Why the bank can’t just make it happen now

The bank’s announcement Wednesday stated it’s prepared to “act more forcefully” if needed to get inflation down to its two per cent target. Orlando says that likely means another 0.5 per cent increase in July, and potentially a few more hikes later in the year.

Before the announcement, there were rumblings that the bank may even move to increase rates by 0.75 per cent. But as Moshe Lander, an economist with Concordia University, puts it: “That sort of aggressive move has the ability to take some of the starch out of the Canadian economy in the process.”

The bank, he adds, isn’t trying to sink the Canadian economy — it’s just hoping to relieve some pressure. However, addressing the real issues behind inflation is challenging because some pressure is coming from sources on the supply side that the bank has no jurisdiction over.

Take food prices, for example.

“When you have Russians hoarding grain and bombing grain storage facilities in Ukraine … you can increase interest rates as much as you want; it's not going to make bread appear on the shelves,” says Lander.

The same goes for gas prices. The high price of oil — thanks in large part to the war in Ukraine — can’t be fixed by increasing interest rates.

But that doesn’t mean rate hikes are completely useless.

“This is exactly how the central bank needs to respond,” says Orlando.

“The hope is that some of those international factors stop putting such a strong pressure on inflation and eventually these rate hikes start to play an impact … and then the Bank of Canada at that point in time can start to ease some of their hawkish rhetoric.”

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Turning the economy around takes time

Even though this is the third rate hike from the bank this year, economists would caution consumers from expecting significant relief in the near future.

“I think that there's a big mistake among the general public that when they hear the headline news ‘Bank of Canada aggressively increases interest rates,’ they assume that in two weeks from now, we should hear that inflation is back to where it was,” says Lander.

The reality, he adds, is it takes months for these actions to have an effect — in the best-case scenario, Canadians should see changes within three to six months.

Orlando’s timeline is similar, as he anticipates that by the end of the year some of the demand driving up inflation should start to wane. For now, while consumers have few other choices than riding this out, he would remind them that the situation could be much worse.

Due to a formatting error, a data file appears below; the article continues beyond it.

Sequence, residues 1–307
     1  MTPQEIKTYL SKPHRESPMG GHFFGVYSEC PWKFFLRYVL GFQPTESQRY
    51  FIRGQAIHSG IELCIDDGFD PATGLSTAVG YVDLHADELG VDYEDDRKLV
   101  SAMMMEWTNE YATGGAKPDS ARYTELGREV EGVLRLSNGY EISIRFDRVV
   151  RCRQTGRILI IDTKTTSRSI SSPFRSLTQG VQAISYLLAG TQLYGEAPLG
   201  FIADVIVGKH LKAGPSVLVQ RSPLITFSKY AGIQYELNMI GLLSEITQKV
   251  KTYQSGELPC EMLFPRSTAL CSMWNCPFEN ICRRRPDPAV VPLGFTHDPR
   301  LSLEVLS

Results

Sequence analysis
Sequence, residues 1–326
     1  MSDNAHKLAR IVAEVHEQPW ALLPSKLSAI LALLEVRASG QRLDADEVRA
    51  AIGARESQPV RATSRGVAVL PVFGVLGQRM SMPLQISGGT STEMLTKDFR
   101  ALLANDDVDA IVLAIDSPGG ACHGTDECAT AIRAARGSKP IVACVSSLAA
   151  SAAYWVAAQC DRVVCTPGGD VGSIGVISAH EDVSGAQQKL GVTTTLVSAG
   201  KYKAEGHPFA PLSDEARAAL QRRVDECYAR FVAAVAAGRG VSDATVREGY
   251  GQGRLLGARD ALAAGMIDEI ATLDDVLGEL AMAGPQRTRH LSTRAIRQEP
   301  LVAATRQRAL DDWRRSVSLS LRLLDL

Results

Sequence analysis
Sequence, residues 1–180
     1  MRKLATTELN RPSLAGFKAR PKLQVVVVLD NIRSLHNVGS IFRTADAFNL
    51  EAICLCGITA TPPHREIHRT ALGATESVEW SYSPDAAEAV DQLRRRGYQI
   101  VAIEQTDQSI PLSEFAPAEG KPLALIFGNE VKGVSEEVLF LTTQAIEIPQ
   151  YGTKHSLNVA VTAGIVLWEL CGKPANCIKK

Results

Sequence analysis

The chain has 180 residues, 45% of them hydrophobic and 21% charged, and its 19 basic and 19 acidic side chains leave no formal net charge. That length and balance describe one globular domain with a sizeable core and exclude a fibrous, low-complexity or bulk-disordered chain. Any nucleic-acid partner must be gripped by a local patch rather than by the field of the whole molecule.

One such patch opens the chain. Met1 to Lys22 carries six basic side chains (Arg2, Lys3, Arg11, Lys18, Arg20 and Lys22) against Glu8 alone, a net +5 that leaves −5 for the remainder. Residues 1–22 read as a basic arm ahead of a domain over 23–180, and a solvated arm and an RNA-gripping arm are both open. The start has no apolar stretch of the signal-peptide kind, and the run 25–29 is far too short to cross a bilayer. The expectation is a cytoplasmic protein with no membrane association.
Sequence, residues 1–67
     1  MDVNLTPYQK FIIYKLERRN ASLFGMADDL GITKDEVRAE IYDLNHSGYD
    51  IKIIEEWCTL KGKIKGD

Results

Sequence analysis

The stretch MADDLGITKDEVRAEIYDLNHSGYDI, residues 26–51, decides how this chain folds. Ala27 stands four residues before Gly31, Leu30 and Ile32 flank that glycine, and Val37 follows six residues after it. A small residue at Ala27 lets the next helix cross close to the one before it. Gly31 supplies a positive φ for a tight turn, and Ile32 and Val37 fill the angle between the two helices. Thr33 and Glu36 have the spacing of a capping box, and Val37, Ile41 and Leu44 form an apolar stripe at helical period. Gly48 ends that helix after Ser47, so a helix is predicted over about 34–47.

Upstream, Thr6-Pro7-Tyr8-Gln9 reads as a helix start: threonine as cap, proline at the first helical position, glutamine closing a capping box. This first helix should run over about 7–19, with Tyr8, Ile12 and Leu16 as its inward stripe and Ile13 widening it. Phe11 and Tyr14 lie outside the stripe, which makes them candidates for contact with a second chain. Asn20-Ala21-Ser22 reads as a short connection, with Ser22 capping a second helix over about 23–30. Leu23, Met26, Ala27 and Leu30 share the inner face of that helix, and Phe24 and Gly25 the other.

Right now, most Canadians feel stable in their jobs and comfortable they could find another if they need it. The increase in workers looking for something new is mostly driven by those who don’t feel it’s an urgent move and are being enticed away by higher wages, according to the latest Indeed Job Search Survey.

Additionally, unemployment is incredibly low — 5.2 per cent in April, according to Statistics Canada — and consumers are holding onto a record amount of savings from the last few years. With savings account interest rates increasing, that leaves a lot of people well-positioned to weather the storm.

With all that in mind, Orlando says it’s important to recognize that many Canadians are in a very comfortable position to ride this out.

“Obviously, if the employment market changes and we start seeing job losses, that's a whole different story — but that is not the environment we have right now,” says Orlando.

There are ways to protect your household

Lander understands that offers little comfort to those who are already feeling pressure on their household budget — whether that’s at the pump or on the cost of their variable-rate loans.

“What consumers can do at this point is they can try and alleviate some of their own inflationary pressures, through better buying and paying a lot more attention to what they're buying,” says Lander.

One simple way of doing this is looking at the cost per unit on price tags. Lander offers the example of two bags of potato chips: one costs $2.99 and the other costs $1.99 — but if that $2.99 bag has twice the amount of chips, it’s going to have a lower cost per unit, which means you’re getting better value for your money.

“We do have to ride it out,” says Lander. “But we’re not completely powerless to try and mitigate some of our own inflationary pressures through just smarter buying habits.

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About the Author

Sigrid Forberg

Sigrid Forberg

Associate Editor

Sigrid’s is Money.ca's associate editor, and she has also worked as a reporter and staff writer on the Money.ca team.

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